Employment Insurance

EI_Scrap the changesEmployment Insurance is just that – insurance that you pay for, every paycheck.  When you lose your job through no fault of your own, you should have access to the benefits you paid for.  Yet, fewer than 4 in 10 unemployed Canadians qualify for EI benefits. Stephen Harper’s changes to EI are hurting Canadians just when they need Employment Insurance the most.

Among the devastating changes introduced by the Harper Conservative government through the 2012 budget, out-of-work Canadians must now accept any job the government deems “suitable”—even if it takes you off your career path and comes with a 30 per cent pay cut and hour-long commute—or EI benefits will be cut off entirely.  The tribunal system for appeals to denied EI claims was also eliminated.

Help us show the real impact of these new rules.  If you are having trouble with EI, please send your stories to eiwatch@cupe.ca. You can send your whole story, or just let us know how to contact you.

Recent articles on Employment Insurance:


Effective January 1, 2017, the waiting period to collect Employment Insurance (EI) was reduced from two to one weeks. The reduced waiting period will apply to all forms of EI benefits including regular, special (maternity, parental and sickness), and benefits for the fishing industry. This change may affect CUPE members whose collective agreements provide supplemental unemployment benefit (SUB) plans and top-ups to maternity, parental, sick leave and short-term disability. Employer payments (i.e. vacation pay) are normally clawed back from EI payments, however SUB and top-up plans are treated differently. Members covered by SUB plans may earn a maximum of 95% of normal weekly earnings. In the case of maternity and other top-up plans, the amount is 100%.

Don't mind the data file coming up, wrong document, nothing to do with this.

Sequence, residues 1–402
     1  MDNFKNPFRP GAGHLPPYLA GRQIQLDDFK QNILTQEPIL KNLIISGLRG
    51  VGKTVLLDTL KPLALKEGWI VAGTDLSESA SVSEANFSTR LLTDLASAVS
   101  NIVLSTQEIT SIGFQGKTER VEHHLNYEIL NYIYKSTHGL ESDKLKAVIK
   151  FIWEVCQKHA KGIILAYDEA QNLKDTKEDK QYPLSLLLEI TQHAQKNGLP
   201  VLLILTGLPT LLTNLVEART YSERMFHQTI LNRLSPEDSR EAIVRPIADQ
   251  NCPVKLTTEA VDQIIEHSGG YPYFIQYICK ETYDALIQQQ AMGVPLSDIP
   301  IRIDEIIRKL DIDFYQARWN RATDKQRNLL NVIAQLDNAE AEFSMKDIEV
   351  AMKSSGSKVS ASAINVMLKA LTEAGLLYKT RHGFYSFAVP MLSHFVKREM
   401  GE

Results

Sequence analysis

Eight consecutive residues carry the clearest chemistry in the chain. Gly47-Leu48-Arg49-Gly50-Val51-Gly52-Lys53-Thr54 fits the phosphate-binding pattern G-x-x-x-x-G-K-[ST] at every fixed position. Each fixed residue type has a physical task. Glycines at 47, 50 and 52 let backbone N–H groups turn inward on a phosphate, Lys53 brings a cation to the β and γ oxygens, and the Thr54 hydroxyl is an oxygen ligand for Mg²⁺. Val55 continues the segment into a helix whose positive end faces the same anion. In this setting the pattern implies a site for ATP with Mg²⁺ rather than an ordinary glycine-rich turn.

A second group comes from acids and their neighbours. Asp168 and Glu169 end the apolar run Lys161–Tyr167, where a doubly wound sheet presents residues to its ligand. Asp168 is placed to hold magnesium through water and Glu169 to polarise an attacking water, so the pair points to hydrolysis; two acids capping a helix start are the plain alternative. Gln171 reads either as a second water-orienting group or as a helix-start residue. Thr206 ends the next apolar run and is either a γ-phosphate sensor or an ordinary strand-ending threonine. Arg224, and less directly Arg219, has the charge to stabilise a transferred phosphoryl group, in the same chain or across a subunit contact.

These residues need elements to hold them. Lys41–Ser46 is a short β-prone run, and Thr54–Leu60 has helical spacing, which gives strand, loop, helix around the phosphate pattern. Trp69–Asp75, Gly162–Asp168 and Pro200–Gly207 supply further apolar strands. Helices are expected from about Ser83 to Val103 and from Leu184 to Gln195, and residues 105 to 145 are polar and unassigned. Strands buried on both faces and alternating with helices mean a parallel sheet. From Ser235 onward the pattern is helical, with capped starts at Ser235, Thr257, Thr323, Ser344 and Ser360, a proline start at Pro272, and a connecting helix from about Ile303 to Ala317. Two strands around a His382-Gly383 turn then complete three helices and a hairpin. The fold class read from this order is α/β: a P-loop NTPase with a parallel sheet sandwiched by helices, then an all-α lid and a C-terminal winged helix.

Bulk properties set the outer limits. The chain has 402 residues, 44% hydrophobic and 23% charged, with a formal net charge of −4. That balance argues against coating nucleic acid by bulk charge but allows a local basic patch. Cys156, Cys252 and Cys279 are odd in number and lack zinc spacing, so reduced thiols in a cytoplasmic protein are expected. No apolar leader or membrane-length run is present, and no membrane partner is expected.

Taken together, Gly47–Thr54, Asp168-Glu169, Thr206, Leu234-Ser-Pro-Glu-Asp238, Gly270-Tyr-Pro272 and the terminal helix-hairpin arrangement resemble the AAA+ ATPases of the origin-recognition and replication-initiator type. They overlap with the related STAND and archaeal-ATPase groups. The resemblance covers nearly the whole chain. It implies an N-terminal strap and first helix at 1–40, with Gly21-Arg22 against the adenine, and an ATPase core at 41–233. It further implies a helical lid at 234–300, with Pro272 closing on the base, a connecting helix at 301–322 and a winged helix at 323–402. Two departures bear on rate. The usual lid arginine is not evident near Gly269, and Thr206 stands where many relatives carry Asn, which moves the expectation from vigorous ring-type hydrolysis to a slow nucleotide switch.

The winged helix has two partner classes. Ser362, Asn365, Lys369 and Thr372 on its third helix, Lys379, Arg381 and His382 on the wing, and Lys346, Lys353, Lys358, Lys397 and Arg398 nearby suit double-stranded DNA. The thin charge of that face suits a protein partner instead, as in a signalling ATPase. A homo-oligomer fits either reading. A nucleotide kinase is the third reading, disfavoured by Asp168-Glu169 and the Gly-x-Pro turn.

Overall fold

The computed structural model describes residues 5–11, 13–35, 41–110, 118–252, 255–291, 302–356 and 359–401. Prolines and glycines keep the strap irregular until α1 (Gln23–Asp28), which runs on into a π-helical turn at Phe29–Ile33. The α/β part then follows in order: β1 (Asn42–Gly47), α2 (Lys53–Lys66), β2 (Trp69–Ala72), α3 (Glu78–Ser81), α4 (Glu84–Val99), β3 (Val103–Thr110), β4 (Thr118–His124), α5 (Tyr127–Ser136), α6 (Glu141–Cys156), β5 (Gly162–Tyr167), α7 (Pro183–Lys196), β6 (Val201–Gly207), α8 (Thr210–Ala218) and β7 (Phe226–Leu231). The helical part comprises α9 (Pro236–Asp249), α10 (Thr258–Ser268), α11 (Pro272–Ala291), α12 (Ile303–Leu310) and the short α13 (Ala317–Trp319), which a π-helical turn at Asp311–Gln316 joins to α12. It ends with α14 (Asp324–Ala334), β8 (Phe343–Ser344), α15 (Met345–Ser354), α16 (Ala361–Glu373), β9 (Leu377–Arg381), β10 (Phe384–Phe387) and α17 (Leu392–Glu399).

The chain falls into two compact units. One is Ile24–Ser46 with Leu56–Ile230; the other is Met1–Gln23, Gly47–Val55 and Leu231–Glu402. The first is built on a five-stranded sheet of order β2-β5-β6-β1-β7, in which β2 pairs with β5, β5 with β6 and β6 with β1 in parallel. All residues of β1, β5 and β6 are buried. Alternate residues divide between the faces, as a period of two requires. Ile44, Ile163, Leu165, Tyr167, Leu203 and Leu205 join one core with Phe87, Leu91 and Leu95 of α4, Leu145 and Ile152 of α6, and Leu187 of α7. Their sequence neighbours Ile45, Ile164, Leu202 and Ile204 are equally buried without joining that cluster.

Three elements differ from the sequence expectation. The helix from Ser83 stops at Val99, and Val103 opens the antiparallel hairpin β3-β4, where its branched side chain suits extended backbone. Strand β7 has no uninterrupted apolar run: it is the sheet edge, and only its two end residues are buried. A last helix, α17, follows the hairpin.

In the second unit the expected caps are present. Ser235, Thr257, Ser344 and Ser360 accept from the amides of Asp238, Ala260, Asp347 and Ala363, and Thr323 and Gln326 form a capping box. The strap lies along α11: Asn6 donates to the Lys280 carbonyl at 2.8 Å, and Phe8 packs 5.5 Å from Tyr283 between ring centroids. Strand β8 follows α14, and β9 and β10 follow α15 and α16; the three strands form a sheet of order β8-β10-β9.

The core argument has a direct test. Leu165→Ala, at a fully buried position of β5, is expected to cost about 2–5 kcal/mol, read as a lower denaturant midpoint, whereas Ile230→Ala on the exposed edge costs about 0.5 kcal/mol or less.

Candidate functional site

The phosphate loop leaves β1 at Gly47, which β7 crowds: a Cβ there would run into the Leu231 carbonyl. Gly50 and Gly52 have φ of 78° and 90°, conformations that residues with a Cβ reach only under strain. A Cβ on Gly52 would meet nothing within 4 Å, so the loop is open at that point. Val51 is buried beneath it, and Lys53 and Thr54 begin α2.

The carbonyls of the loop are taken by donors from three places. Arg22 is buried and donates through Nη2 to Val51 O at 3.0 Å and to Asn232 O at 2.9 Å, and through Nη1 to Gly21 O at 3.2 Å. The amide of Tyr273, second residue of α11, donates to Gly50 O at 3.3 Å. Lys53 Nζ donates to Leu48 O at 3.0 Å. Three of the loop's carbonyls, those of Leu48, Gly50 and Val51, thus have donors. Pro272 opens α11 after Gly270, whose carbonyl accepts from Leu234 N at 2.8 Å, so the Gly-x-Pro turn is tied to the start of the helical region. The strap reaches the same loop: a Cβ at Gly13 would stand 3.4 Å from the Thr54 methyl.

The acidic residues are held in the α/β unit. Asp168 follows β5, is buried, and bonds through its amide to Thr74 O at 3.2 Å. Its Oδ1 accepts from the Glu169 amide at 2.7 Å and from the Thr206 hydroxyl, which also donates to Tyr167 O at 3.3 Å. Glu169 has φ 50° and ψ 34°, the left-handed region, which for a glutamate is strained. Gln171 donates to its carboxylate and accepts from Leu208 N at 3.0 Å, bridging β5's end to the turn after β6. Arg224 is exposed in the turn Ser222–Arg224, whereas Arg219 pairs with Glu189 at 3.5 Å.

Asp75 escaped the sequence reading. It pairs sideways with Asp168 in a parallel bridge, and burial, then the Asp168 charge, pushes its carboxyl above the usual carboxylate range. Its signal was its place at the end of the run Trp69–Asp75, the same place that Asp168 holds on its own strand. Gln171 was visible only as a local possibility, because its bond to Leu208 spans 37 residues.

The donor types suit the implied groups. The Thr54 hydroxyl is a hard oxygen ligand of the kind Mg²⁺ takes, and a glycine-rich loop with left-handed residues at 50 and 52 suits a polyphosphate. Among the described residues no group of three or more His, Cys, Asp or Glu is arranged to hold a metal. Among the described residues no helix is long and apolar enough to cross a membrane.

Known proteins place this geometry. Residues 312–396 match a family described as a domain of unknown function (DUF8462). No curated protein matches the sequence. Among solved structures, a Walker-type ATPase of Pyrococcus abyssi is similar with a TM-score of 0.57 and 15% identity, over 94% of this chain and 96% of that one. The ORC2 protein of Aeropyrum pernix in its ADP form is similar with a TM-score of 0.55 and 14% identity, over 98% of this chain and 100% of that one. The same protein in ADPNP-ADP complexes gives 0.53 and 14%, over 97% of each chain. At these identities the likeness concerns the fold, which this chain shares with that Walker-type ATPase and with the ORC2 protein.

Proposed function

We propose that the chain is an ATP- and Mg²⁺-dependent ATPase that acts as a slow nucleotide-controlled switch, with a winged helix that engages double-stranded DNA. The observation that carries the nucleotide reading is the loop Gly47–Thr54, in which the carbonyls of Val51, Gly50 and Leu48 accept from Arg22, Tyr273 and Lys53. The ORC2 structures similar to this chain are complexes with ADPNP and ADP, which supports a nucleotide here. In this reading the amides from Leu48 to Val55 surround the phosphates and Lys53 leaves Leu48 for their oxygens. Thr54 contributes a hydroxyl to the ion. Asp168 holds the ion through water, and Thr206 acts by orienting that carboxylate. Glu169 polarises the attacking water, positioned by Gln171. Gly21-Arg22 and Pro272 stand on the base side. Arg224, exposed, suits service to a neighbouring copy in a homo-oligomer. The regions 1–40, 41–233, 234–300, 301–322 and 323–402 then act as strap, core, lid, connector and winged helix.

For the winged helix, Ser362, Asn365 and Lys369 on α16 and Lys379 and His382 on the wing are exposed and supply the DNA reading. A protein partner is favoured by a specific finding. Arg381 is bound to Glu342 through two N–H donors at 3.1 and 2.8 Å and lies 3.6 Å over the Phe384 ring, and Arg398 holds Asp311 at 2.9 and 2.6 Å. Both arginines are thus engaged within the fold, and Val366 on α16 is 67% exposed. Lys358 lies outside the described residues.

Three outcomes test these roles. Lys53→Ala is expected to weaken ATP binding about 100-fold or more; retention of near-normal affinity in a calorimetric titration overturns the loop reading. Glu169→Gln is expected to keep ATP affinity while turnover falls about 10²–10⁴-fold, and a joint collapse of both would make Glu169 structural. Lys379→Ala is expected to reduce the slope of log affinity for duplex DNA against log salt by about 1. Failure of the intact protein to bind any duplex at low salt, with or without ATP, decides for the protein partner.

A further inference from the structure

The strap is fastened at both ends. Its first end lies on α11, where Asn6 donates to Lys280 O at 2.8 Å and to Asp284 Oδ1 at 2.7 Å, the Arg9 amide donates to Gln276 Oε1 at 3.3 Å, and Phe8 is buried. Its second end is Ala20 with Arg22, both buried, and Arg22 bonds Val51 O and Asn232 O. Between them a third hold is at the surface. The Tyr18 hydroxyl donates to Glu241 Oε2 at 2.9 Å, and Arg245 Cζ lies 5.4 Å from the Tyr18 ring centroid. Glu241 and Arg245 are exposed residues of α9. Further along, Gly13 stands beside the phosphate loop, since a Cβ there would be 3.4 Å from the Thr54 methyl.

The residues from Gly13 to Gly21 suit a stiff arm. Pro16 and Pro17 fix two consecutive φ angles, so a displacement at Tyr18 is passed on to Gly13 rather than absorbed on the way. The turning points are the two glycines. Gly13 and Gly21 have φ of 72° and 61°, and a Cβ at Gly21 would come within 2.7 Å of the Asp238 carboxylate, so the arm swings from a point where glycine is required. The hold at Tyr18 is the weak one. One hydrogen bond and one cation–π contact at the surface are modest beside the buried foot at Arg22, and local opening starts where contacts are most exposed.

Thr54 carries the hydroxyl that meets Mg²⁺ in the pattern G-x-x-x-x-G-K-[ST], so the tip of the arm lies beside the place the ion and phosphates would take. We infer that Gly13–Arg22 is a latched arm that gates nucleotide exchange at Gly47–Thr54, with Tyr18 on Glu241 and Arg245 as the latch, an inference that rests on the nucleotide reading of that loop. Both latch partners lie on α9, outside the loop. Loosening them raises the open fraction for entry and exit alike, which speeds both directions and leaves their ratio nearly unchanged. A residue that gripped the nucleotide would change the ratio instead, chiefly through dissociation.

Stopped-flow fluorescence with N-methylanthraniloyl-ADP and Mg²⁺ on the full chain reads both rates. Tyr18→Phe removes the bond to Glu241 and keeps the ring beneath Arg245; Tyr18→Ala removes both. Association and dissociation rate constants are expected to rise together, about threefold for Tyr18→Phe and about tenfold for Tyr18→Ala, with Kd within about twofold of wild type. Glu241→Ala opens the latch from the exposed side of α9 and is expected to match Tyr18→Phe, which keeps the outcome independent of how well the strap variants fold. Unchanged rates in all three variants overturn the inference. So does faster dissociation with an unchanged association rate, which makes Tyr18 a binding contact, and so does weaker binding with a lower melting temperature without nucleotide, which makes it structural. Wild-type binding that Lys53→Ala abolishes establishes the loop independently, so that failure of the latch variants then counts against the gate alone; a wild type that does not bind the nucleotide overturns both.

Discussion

To avoid unintended claw backs to negotiated SUBS and top-ups, the federal government has agreed to a four year “transition period” that will end on January 3, 2021. The transition period will provide the union and the company an opportunity to amend negotiated SUBs and top-ups and avoid claw backs by EI when income exceeds the allowable limits.


The well-being of Canadians, especially during difficult economic times, is dependent on a robust social safety net. What is now called Employment Insurance (EI) is a key part of this because it kicks in when workers and communities need it most. Employment Insurance helps workers make ends meet and softens the blow for communities hard hit by layoffs—or at least it should!

Canada’s EI program turns 75 years old October 2015. As can be seen by the following timeline, what was once a central pillar holding up our social safety net has been eroded by successive cuts.